July 16 2019 0comment

United Way is Kristi Howe: Part One

Who is United Way of the Wabash Valley?  Last week I introduced you to Richard Payonk with his penguin pajamas and his caring for the community mindset.  Now let me introduce Kristi Howe.  Former Chair of the Resource Drive, current Executive Director of the Vigo County Public Library, as well as current UWWV Board Member, Kristi is an exceptional woman.

When we think of librarians, we often picture little old ladies with wire-frame glasses with eyeglass chains.  They are cranky and quiet, rarely speaking over a whisper.

This does not describe Kristi Howe.  Kristi loves to smile.  In my recent sit-down interview with her, there wasn’t a moment I felt uncomfortable, and the conversation flowed freely like talking with an old friend.

Kristi came to the UWWV because the library and they have always worked closely to help better our community.

“When I moved to town and took over my position the director of United Way was already pre-booked on my calendar.  It was like week one or two that I met with the director,” Kristi explains with large hand movements.  When her hands aren’t adding to the story, she’s mindlessly feeling the smoothness of her burgundy nail polish.  While it may be a nervous tick like many of us have (I for instance fiddle with my jewelry), she’s still laughing and smiling as she goes into detail about coming to work so closely with the United Way.

A giving mindset came early for her and her family.

“My mom, she would go back to school shopping… and be looking for sales so she could buy extra jeans, underwear, (and) socks to keep in her classroom because as a 1st grade teacher accidents are going to happen.  We were just always mindful that there are people in our community that could use a hand up.” As she speaks of her mother and how she prepared to take care of her students, its easy to see how proud she is to have been raised by someone so mindful and is happy she inherited that mindset from her mother.

I ask Kristi what her favorite thing about the Wabash Valley is.  It’s a hard question for her to answer.  She’s only been here a little over six years, coming to the community for the sole purpose of being the Executive Director for VCPL.  Instead of telling me a place she loves or an event that brings her joy, she goes even deeper and explains a little about why Wabash Valley is so special to her because of what she’s experienced elsewhere.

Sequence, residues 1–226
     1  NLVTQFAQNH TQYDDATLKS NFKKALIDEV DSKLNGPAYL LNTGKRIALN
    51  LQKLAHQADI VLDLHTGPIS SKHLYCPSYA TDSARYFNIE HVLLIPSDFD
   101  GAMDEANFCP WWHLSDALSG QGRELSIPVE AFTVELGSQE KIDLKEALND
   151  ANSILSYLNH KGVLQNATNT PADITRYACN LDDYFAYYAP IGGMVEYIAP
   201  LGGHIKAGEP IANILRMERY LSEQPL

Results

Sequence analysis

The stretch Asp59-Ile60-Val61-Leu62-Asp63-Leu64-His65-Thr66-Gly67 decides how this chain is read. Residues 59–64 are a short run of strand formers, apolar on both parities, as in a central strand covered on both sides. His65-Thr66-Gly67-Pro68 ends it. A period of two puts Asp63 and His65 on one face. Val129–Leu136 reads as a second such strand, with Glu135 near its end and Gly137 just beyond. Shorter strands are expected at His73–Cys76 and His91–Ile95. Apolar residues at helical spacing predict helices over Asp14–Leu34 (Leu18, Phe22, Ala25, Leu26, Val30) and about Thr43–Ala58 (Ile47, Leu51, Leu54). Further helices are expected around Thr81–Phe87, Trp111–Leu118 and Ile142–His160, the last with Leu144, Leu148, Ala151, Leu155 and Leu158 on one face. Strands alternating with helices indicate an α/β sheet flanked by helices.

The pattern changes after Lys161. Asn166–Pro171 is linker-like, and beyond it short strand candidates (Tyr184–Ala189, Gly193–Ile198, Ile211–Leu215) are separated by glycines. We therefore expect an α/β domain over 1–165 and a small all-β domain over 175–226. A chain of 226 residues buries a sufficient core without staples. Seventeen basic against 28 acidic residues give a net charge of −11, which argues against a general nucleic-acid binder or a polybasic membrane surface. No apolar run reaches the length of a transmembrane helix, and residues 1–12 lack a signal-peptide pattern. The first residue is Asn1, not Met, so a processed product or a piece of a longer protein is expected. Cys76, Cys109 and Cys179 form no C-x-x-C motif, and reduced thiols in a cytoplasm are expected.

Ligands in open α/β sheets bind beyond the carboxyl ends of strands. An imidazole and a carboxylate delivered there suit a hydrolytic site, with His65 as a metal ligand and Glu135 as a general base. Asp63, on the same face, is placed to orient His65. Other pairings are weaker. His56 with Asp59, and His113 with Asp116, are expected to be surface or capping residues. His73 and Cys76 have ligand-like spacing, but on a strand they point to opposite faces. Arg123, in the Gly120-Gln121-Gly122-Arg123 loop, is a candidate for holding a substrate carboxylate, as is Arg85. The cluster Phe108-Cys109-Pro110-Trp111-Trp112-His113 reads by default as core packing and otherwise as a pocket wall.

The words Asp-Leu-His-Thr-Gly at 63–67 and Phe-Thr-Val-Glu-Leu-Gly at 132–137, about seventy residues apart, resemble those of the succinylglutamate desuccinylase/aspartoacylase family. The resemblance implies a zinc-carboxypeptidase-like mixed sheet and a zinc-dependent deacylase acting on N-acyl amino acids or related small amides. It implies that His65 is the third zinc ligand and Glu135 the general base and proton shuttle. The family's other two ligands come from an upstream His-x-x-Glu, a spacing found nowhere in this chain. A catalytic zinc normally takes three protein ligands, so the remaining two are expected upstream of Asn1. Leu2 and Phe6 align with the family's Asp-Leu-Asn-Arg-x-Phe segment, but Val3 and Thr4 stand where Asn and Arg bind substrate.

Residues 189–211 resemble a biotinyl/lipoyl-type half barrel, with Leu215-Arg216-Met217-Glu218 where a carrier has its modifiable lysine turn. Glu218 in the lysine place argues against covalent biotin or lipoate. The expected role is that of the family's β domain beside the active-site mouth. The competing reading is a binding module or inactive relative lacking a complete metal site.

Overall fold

“I’ve lived and worked in multiple communities and multiple states, and one of the things that became apparent to me early on was just how philanthropic the Wabash Valley was in comparison to some of the other communities that I’ve lived in.  Especially when I was in the Chicago Area, you know, nobody lived and worked in the same town.  So, you often went to your job and then you went home.  You worked in one community.  As a public librarian, you know, I got to know the people who frequented the library in that community, but at the end of the day I would drive an hour home.  Where you shop, where you go to church, and where your kids go to school, all of that wasn’t necessarily the same community that you worked in.  So, you have disconnect in many cases.  So, for me moving to an area like this, you know a lot of people live and work in the same region, and I think that results in a more personal or substantial desire to see your community thrive.  People were just very generous either with their finances or with their time and their energy.  Just a lot of charitable giving, (and) a lot of volunteering. “

You can see the fascination on her face as she tells her story.  Moving from such large areas that didn’t have the sense of community that the Wabash Valley has to here is still something that excites Kristi and makes her want to get involved.  She wants to make change in our community and make it a place that people can truly thrive in.

“When we went through that strategic planning process a couple of years ago and really (started) quantifying and emphasizing the struggles that families face in the Wabash Valley and being willing to try really creative out-of-the-box types of things to solve problems, that was really motivating or encouraging for me to continue to grow my relationship with the United Way.  We have to have people who are willing to be creative problem solvers and put in the work that might take generations for anything to come to fruition.  I think that seeing and being part of that transition was really exciting for me.”

So, let me tell you about that transition that Kristi helped work on and just what kind of impact it’s starting to make thanks to hard work from so many people in our community.

Next time.